FIGURE 1: Robert, Russ, and Jeremiah: certified
Robert filled me in in the Aviator project: “WhiteHat Aviator started off being a more private and secure browsing option for our own internal users. It has morphed into being a consumer product (Mac and Windows) that has additional and originally unforeseen merits.  For instance, it is significantly faster due to having no ads, and by virtue of making Flash and Java a "click-to-play" option.  Users on GoGo inflight wireless love it, because it makes the web usable over latent connections, not to mention it uses less power on your laptop.  We are giving the browser away for free for now, and all users who download it will be grandfathered in, but in the future we will charge for the browser to ensure that our interests are aligned with the user and to help pay for development without requiring us to steal personal information from our users. ;-)  We will quite possibly be the first browser with tech-support!

Both of the browsers offer the added benefit of enhanced privacy but serve rather different purposes, so let’s explore each for their strengths.

Oryon C Portable

OSINT fans rejoice, there’s a browser dedicated to your cause! Oryon includes more than 70 pre-installed tools, more than 600 links to specialized sources of information and online investigative tools, additional privacy protection features, and a ready-to-use OPML file containing a sorted collection of information sources specific to OSINT, Intelligence, InfoSec, defense, and more. Oryon C Portable is also quite literally…portable. You can run it from all sorts of USB and optical media. I’ll pause for a second so you can take in all the glorious OSINT power at your fingertips as seen in Figure 2.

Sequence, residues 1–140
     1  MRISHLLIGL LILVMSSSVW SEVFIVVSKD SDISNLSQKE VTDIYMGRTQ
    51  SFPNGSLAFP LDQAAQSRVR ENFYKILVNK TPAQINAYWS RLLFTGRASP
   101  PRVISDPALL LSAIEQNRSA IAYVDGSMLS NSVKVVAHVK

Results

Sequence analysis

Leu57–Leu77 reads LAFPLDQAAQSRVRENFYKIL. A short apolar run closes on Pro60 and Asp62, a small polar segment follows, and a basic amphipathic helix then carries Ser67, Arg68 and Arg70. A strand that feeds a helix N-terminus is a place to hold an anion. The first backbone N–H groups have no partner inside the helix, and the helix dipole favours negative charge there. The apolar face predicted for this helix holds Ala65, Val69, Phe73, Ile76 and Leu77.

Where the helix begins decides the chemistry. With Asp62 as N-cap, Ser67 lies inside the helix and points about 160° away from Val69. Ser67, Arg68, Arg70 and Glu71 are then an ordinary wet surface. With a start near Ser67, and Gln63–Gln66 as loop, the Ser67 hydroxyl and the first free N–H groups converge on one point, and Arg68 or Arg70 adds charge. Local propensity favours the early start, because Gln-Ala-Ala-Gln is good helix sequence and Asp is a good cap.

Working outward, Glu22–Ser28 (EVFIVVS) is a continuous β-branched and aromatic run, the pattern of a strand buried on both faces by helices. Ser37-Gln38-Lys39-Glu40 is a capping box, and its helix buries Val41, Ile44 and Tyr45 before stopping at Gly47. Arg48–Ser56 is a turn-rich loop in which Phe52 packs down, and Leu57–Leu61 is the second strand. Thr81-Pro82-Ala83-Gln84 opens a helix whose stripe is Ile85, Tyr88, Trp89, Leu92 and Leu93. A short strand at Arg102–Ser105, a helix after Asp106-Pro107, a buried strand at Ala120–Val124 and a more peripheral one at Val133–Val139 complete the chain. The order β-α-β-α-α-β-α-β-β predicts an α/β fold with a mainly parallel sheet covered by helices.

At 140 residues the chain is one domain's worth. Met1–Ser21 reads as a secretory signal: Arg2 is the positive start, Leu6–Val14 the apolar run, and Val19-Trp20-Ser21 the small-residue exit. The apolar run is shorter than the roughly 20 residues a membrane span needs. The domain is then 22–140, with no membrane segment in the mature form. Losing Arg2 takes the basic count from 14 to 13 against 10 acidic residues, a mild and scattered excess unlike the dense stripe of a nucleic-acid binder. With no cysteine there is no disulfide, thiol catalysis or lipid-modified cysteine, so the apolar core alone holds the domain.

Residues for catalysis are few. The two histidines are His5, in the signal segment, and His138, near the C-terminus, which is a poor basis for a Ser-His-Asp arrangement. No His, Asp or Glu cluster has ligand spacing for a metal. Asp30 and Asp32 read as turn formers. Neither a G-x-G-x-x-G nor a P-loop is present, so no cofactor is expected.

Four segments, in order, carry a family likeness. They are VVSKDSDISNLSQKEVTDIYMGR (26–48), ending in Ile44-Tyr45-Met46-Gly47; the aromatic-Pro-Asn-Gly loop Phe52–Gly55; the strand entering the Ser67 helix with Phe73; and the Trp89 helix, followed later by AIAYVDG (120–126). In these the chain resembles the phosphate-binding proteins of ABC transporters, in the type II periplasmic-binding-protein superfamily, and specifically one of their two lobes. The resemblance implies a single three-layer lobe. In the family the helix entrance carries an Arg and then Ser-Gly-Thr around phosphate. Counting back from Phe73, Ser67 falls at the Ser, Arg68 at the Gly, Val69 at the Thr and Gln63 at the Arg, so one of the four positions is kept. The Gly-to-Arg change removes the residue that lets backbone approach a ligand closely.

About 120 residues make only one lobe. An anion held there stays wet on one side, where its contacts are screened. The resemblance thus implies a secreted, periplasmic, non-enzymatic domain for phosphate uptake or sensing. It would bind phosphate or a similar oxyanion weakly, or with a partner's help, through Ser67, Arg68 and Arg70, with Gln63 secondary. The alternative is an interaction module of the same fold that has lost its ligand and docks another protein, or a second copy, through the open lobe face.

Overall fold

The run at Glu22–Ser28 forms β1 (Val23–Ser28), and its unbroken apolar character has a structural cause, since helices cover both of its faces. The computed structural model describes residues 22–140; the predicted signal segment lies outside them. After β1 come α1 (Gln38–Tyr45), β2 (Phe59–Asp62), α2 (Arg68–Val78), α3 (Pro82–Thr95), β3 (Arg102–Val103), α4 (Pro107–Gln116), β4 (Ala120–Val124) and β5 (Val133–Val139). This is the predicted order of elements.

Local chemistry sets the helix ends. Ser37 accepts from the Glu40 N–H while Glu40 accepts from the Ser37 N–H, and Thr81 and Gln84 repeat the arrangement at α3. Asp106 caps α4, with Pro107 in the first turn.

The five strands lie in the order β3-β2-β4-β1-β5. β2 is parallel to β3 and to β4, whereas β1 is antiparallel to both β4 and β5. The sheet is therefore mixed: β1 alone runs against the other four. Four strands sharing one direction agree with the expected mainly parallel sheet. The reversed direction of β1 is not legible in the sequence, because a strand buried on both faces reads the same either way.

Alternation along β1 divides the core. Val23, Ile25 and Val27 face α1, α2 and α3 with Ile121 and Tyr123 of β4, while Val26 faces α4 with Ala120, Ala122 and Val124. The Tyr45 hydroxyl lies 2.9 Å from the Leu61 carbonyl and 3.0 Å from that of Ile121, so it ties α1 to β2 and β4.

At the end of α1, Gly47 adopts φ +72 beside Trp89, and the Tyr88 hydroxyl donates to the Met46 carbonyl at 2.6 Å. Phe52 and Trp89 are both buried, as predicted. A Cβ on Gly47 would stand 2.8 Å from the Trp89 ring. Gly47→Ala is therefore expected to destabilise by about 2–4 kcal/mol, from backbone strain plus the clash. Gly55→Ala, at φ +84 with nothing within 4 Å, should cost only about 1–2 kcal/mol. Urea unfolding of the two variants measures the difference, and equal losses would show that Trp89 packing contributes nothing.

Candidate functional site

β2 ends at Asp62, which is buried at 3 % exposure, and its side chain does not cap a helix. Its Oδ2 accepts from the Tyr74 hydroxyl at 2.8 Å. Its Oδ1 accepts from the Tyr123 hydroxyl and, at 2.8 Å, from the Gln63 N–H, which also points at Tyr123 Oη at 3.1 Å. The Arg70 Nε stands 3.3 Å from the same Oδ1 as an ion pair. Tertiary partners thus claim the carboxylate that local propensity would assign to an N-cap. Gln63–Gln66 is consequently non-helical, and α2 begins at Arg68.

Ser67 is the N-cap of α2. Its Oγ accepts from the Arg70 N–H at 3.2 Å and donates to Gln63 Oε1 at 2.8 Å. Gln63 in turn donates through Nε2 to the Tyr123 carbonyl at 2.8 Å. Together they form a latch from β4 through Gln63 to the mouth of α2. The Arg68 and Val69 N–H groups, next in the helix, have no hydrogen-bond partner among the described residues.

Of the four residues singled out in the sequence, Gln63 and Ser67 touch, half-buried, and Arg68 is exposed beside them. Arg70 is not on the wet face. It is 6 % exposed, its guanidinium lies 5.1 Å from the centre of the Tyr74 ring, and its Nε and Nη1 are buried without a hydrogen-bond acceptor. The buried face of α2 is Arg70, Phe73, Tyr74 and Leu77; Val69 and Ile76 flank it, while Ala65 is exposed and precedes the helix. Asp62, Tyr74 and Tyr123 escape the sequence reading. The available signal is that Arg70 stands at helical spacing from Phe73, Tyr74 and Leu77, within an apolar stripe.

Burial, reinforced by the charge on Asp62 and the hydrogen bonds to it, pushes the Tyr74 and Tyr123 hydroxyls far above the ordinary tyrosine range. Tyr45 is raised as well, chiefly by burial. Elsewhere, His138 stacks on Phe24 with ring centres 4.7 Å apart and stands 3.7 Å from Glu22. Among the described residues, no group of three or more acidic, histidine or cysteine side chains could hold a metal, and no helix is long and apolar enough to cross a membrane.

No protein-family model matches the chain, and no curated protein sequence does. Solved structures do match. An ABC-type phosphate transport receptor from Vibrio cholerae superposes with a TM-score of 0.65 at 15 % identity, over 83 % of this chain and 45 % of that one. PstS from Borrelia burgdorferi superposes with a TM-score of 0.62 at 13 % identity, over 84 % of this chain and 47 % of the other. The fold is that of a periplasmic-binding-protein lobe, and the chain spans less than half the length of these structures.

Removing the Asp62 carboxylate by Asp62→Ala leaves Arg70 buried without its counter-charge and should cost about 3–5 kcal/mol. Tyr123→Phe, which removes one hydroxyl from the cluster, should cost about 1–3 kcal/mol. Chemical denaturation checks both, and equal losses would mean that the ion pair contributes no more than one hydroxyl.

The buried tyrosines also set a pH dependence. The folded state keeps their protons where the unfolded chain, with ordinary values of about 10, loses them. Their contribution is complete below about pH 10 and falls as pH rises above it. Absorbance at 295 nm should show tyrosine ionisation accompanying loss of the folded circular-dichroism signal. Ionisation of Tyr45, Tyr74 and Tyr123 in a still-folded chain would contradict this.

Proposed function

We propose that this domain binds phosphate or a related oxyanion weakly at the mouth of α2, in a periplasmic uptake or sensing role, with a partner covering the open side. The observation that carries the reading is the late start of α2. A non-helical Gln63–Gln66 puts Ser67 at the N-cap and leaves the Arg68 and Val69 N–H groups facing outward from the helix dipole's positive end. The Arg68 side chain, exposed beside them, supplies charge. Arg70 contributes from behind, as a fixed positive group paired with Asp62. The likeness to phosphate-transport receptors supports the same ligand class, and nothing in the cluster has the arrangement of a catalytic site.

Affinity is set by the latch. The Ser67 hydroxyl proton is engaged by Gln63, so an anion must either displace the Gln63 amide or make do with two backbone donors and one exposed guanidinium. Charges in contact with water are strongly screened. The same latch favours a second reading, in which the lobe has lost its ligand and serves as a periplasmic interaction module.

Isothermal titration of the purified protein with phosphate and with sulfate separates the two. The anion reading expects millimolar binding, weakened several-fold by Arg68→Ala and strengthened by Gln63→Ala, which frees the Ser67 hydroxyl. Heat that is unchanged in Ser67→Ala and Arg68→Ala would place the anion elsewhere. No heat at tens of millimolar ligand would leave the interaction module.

FIGURE 2: Revel in the OSINT majesty
 You can manage the Oryon C tools from the, yep, you guessed it, the Oryon C tool button. As you do so you’ll see the related button appear on the toolbar and a popup notice that the extension has been enabled. From the same tools button as seen in Figure 3 you can open the full tools menu to create extensions groups and search/sort your extensions.

FIGURE 3: Enable Oryon tool families
There are so many tools to explore with it’s hard to discuss them all but I’ll mention a few of my favorites. Do keep in mind that you may find part of the feature set using Polish as Oryon C is developed by Mediaquest in Poland. The IP Geolocator uses Google Maps and MaxMind to zoom in on the location of IP addresses you enter in the form field. Fresh Start is a cross browser session manager that allows you to save a session and reimport it or recover if it’s crashed. I love Split Screen as it lets you conduct two sessions side by side for comparison. Wappalyzer is a browser extension that uncovers the technology used on websites including content management systems, eCommerce platforms, web servers, JavaScript frameworks, analytics tools and many more. Want to spoof your user-agent? Rhetorical question; yes you do. Make use of the Chrome UA Spoofer. Don’t hesitate to dive into the hyperlinks folders as that represents an entire other level of exploration. The All in one Web Searcher aggregates results from a plethora of search results in one UI as seen in Figure 4.

FIGURE 4: All in one Web Searcher results
Oryon C = playtime for OSINT nerds, and I proudly count myself as one. I literally spent hours experimenting with Oryon and am certain to spend many more similarly. At least I can count it as time towards work. ;-)